Dengue NS1 Antigen
What is Dengue NS1 Antigen?
Dengue viruses belong to the family Flaviviridae. It is transmitted by mosquitoes, namely Aedes aegypti and Aedes albopictus which are widely distributed in tropical and subtropical areas of the world.
Dengue NS1 Antigen test detects the non-structural protein component (NS1) of the dengue virus. This protein is secreted into the blood soon after the dengue virus infects the body and is detectable during the first 7 days of symptoms. Therefore this test helps in early diagnosis and treatment of dengue infection. The initial symptoms which are commonly seen in dengue include sudden high fever, fatigue and flu-like symptoms.
If left untreated, the infection may progress to severe forms such as Dengue hemorrhagic fever or Dengue shock syndrome.
Why is Dengue NS1 Antigen done?
- For the diagnosis of dengue virus infection. It is used to diagnose early detection of dengue virus infection and initial treatment procedures
- The dengue-antigen-NS1 test can be used along with the current antibody test. It helps in differential diagnostics of flaviviruses
- In the differential diagnosis of fever cases during the mosquito breeding season
What does Dengue NS1 Antigen Measure?
Dengue virus is a flavivirus with four distinct serotypes (Dengue virus 1, 2, 3, and 4). It is primarily transmitted by the Aedes aegypti mosquito, found in the tropical and subtropical regions.
Dengue nonstructural protein 1 (NS1) is an antigen produced by the replicating dengue virus. These antigens can be detected as early as the first day of symptoms and as late as day 18 of symptoms.
Clinically, in the beginning, there is sudden onset of fever combined with headache, muscle and joint pains (severe pain that gives it the nickname break-bone fever or bone crusher disease), distinctive pain from behind the eyes (retro-orbital pain) and rash (a generalized maculopapular rash with islands of sparing). After that, a hemorrhagic rash of characteristically bright red pinpoint spots (known as petechiae) can occur during the illness which is associated with thrombocytopenia. It usually appears first on the lower limbs and the chest, however, in some patients, it spreads to most of the body. Along with that, there can also be gastritis (inflammation in the stomach lining) with associated stomach pain, nausea (feeling sick), vomiting coffee-grounds-like congealed blood or diarrhea.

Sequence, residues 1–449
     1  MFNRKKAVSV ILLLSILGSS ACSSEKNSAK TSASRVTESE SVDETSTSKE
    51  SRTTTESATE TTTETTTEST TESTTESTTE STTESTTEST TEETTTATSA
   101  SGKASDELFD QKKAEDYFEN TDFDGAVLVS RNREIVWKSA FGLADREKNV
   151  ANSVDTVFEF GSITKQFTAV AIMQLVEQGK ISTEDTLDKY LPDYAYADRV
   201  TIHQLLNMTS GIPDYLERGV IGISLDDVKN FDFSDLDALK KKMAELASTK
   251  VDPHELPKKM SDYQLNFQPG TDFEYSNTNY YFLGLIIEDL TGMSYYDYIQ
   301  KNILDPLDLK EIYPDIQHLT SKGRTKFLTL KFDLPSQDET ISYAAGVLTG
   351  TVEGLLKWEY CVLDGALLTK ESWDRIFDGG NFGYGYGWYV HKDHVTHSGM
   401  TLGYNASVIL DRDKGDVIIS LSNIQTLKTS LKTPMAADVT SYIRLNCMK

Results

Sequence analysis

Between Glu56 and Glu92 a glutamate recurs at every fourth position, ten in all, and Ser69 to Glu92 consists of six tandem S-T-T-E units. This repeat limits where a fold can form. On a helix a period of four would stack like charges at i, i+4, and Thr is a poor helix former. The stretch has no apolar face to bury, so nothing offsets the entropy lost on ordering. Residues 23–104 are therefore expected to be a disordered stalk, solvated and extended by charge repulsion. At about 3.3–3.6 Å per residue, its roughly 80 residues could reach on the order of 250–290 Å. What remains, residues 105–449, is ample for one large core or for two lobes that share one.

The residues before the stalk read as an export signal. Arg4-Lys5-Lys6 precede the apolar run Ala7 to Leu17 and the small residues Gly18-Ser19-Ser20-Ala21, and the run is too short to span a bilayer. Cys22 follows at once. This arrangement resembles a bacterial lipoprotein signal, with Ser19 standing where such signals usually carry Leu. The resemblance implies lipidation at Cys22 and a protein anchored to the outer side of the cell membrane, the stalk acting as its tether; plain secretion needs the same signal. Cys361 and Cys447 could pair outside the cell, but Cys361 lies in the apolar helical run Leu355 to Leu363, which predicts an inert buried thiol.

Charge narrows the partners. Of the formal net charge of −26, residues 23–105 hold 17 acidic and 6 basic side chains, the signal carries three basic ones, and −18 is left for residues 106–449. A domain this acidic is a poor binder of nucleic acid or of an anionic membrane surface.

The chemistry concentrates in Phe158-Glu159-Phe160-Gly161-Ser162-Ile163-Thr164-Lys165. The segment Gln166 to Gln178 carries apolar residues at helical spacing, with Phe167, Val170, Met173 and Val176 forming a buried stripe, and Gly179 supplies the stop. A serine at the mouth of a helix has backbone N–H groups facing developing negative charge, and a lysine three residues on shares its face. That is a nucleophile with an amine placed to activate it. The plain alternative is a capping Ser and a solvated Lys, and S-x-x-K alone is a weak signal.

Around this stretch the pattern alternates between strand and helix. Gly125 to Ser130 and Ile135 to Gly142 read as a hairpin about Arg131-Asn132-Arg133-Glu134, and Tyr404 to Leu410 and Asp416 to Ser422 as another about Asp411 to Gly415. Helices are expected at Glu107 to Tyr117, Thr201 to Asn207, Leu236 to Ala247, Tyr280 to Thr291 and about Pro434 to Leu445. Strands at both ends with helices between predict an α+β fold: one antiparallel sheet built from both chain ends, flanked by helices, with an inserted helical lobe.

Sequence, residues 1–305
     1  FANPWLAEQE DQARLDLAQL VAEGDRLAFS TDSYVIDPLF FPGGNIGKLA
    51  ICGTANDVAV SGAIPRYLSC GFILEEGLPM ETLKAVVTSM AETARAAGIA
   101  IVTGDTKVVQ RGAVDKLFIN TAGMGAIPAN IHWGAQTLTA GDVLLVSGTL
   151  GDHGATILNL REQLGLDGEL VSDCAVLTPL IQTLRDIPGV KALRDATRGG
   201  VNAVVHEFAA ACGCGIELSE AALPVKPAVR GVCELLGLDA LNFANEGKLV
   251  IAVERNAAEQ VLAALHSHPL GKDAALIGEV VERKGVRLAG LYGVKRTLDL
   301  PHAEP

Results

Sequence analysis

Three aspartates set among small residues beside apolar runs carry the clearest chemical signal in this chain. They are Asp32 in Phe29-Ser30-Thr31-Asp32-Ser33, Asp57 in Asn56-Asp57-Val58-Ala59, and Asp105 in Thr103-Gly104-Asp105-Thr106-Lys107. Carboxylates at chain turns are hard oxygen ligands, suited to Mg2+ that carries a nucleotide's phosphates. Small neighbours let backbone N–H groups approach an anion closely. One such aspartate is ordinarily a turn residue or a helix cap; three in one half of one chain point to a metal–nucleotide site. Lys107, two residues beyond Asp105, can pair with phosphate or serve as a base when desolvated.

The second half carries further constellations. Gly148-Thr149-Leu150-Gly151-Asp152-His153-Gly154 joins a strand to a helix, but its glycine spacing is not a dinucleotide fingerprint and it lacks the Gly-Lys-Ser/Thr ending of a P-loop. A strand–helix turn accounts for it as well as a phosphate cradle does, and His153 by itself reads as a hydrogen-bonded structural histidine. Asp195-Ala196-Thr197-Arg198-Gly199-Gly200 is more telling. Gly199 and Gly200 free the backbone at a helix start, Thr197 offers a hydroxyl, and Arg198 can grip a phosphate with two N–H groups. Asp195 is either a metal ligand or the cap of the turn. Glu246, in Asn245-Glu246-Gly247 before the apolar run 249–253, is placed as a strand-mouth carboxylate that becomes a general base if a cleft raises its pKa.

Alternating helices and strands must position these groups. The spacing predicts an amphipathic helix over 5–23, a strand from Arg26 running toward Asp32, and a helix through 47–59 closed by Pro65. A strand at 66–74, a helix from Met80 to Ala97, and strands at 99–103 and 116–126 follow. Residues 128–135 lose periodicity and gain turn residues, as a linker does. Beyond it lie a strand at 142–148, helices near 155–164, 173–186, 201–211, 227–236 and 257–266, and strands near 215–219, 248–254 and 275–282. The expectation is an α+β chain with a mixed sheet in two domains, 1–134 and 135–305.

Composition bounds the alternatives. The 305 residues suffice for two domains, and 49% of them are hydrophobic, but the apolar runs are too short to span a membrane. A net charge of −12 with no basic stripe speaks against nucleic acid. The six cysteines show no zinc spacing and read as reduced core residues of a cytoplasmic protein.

Dengue Hemorrhagic fever (DHF):
In DHF, the fever can go to a higher grade, it might also include variable bleeding manifestations like bleeding from the eyes, nose, mouth, ear and oozing blood from skin pores. Other bleeding manifestations include thrombocytopenia, and hemoconcentration (thickening of the blood).
Dengue hemorrhagic fever is a leading cause of serious illness and death among children. There is no specific treatment for dengue, but appropriate medical care can save the lives of patients with the more serious dengue hemorrhagic fever.
Interpreting Dengue NS1 Antigen results
Result in index
No detectable dengue NS1 antigen. The result does not rule out dengue infection. An additional sample should be tested for IgG & IgM serology in 7-14 days.
Repeat sample after 1 week
Presence of detectable dengue NS1 antigen. Dengue IgG & IgM serology assays should be performed on follow up samples after 5-7 days of onset of fever, to confirm dengue infection.
Note: Recommended to do NS1 Antigen by ELISA in the first 5 days of fever. After 7-10 days of continuous fever, the recommended test is Dengue fever antibodies IgG & IgM by ELISA.